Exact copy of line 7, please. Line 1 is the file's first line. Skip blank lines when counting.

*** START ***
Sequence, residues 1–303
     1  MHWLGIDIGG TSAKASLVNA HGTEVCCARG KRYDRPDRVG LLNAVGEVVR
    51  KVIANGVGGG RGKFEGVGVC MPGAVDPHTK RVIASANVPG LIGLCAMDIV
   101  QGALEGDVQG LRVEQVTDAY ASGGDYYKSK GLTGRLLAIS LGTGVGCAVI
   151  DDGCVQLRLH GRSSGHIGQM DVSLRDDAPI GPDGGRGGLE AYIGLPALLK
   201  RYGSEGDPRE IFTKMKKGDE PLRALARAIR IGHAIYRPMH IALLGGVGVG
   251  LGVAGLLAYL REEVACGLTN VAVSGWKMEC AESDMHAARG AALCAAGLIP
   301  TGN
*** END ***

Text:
   251  LGVAGLLAYL REEVACGLTN VAVSGWKMEC AESDMHAARG AALCAAGLIP